Defence IQ Library: "Wired for War", by PW Singer

Neil Waghorn

Peter Singer’s Wired for War provides an intriguing, and at times humorous, introduction to ‘robotic revolution and conflict in the 21st century’. The book provides an overview of the development of robotics (with chapter titles such as ‘Robotics for Dummies’ and ‘Always in the loop? The Arming and Autonomy of Robots’) and their current uses in warfare, i.e. Predator Drones in the skies over Afghanistan. Wired for War then moves on to examine the potential future use and development of robotics, as well as braving the technology’s darker side (fratricide). It takes on the herculean task of exploring the ethical implications of these new technologies when deployed in the modern battlefield – not to mention the issues of "trying to apply international law written for the Second World War to Star Trek technology." Singer has managed to cover a wide spectrum of topics without losing this reader.

Wired for War has managed to appeal to a broad spectrum of readers, rather than just myopically catering to military history geeks, particularly by falling back on cult references and anecdotes. The sheer number of these references (Halo, Blade Runner, The Terminator and Predator) put Wired for War almost on par with the cult British television series Spaced. Spaced, written by and starring Simon Pegg and Jessica Stevenson, is famous for its continuous references to all things geeky, ranging from Close Encounters of the Third Kind through to The Shining, Tron and Star Wars (without mentioning the prequels).
SWORDS TALON system allows soldiers to operate small arms via remote control
[image: UK MoD/ © Crown Copyright/MOD 2011]
These cult references are linked to more traditional classical strategists like Thucydides and Douhet to illustrate the changes to warfare - and then hammer them home. A perfect example of this is illustrated in the way the text moves seamlessly from Clausewitz and the exploitation of human weakness through to discussing Master Chief, the futuristic super-soldier, from the Halo games. This masterful blending of traditional and cult references is, for me, one of the key strengths of Wired for War as it exposes a modern readership to classical strategists, all within a context that they will (presumably) find interesting and will understand – a noteworthy achievement.

All praises aside, Wired for War is not without its distinct flaws. In fact, it has a pretty major structurally integral one…. its referencing system. It is, to say the least, different. Where citations occur (and they do), there is no forewarning – no endnotes, no footnotes, no reference of any kind until the very end of the work when the reader, believing he or she is finished, finally discovers a 40-page ‘Notes’ appendix. Here, Singer references everyone from Aristotle to WALL-E, with little thought given to order, readability or MLA, Chicago or BBC style guides. In effect, it means that, in places, it is hard to distinguish between the author’s opinion and those of other people. The constant flipping back and forth during my read really aggravated my carpal tunnel syndrome (I’m joking . . . no seriously, it still hurts a little bit). This unusual referencing style means that using the book for any academic purpose is frustrating… to say the least.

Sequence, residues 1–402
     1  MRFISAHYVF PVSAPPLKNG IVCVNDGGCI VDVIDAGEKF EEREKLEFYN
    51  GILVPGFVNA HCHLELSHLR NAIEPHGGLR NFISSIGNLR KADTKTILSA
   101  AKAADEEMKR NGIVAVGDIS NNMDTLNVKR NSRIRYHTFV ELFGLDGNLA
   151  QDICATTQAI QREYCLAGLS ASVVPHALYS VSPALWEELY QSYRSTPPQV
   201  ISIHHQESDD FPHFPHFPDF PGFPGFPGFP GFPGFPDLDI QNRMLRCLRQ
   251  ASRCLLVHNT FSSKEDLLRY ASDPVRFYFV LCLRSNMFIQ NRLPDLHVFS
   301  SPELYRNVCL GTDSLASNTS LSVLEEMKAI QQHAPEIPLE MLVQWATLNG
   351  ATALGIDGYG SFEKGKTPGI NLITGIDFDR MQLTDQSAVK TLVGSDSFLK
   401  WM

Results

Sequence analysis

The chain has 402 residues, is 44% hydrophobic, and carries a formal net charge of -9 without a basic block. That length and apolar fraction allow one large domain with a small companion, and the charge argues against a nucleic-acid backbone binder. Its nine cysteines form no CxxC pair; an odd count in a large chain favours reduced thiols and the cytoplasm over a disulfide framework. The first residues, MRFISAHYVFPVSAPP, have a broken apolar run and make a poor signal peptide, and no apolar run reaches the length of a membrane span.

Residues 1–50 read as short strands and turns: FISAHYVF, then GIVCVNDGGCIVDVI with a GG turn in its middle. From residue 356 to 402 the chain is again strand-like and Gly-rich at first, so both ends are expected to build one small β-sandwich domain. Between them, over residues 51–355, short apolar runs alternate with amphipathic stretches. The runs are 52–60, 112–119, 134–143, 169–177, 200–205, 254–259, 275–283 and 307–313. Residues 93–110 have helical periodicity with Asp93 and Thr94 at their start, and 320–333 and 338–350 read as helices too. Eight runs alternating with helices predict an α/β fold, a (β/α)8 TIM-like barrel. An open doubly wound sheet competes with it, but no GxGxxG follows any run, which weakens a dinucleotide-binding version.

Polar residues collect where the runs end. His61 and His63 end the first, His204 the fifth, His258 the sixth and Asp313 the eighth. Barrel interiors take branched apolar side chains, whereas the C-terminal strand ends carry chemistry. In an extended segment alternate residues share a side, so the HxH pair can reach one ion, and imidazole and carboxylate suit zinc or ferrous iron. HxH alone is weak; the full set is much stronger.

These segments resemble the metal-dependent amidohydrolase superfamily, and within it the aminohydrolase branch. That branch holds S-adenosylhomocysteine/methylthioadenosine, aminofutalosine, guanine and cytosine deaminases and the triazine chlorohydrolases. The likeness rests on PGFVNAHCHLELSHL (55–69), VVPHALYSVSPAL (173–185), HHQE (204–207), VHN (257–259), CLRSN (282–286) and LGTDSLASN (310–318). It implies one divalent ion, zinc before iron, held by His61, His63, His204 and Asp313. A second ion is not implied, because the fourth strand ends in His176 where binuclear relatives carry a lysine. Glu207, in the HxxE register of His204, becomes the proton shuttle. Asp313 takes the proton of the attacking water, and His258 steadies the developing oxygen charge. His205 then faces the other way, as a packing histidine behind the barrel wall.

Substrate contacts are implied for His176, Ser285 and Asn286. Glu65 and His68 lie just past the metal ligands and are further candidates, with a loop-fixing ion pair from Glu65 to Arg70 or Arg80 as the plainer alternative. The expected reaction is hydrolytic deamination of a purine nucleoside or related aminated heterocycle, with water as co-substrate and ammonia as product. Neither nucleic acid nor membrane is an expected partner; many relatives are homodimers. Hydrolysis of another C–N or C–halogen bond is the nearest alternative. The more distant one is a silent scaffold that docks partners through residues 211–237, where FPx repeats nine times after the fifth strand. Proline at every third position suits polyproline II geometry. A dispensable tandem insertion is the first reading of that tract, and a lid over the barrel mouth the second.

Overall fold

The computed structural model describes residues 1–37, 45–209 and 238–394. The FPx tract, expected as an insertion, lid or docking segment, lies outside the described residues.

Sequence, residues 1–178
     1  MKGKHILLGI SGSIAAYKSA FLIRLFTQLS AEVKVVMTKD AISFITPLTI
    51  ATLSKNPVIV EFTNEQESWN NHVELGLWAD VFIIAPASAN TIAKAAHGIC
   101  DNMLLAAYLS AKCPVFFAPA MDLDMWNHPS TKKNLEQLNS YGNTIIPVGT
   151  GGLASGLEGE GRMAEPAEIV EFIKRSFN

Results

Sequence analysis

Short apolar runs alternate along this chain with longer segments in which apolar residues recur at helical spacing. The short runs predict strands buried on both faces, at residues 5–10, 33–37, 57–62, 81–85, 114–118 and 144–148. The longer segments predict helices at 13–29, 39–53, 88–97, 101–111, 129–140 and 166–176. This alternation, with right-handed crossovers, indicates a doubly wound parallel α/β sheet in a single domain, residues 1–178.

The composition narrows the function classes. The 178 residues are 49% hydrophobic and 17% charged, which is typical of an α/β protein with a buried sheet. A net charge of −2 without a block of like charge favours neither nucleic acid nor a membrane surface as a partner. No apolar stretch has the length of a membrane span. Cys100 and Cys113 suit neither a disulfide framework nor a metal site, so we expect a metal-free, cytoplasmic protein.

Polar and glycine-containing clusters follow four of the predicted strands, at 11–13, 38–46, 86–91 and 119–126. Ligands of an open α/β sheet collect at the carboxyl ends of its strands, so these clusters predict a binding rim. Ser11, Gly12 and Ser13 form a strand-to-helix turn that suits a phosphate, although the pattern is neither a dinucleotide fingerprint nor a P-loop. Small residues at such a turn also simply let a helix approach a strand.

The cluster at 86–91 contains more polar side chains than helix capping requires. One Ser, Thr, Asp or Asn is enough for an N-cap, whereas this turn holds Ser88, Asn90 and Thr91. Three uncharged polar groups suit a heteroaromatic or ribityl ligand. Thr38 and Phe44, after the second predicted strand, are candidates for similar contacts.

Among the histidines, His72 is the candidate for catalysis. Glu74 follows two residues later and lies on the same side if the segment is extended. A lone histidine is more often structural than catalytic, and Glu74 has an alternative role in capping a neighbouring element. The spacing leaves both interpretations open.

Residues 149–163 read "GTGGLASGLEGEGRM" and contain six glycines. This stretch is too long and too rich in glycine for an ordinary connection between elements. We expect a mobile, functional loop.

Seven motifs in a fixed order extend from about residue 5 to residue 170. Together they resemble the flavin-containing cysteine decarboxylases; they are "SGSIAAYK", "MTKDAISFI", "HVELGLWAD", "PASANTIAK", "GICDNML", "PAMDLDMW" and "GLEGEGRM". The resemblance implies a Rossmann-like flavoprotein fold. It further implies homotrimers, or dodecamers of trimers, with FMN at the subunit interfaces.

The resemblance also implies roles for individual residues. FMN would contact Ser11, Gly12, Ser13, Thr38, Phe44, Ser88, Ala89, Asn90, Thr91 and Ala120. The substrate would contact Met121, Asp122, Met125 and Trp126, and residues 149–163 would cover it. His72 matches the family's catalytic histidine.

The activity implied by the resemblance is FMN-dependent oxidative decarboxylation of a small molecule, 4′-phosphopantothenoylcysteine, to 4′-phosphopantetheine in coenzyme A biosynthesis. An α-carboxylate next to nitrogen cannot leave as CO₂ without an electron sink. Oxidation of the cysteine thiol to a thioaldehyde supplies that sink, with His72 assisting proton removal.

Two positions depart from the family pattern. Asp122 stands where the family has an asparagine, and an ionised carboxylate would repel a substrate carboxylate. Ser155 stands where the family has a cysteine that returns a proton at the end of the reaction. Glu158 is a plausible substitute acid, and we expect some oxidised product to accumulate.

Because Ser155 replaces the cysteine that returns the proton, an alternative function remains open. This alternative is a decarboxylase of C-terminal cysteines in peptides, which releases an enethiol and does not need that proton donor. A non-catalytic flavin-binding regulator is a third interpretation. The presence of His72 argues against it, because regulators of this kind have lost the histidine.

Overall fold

Wired for War poses some extremely thought provoking dilemmas on how technological developments are going to change - not only the way in which wars of the future will be fought - but also how society will come to view these wars. The ethical dimensions and moral issues that come hand-in-hand with these developments need not be sidelined for discussion at a later date. They are absolutely germane – and Singer shows no timidity in taking them on. Will wars be fought by cyber-genetically enhanced super-soldiers like Master Chief or by armed robots like TALONs? Will these weapons of war be autonomous? How will the laws of war govern these technologies? Will the separation of combatants from the front line lead to detachment or lower the criteria for foreign intervention? Singer doesn’t go as far as to give a definitive answer to these questions (which would be quite hard as half the technology doesn’t exist yet!), but he does provide enough information and context to provoke the reader to leave the book with an open mind in a thoughtful mood.

The issue with the referencing style aside, Singer’s Wired for War portrays a future world where technology akin to that from The Terminator and The Matrix is the stuff of day-to-day occurrence. In his mind, fighting wars has radically changed. In short, a book that I would recommend to anyone and everyone, from the academic, to the serving soldier, to Joe Blogs on the street.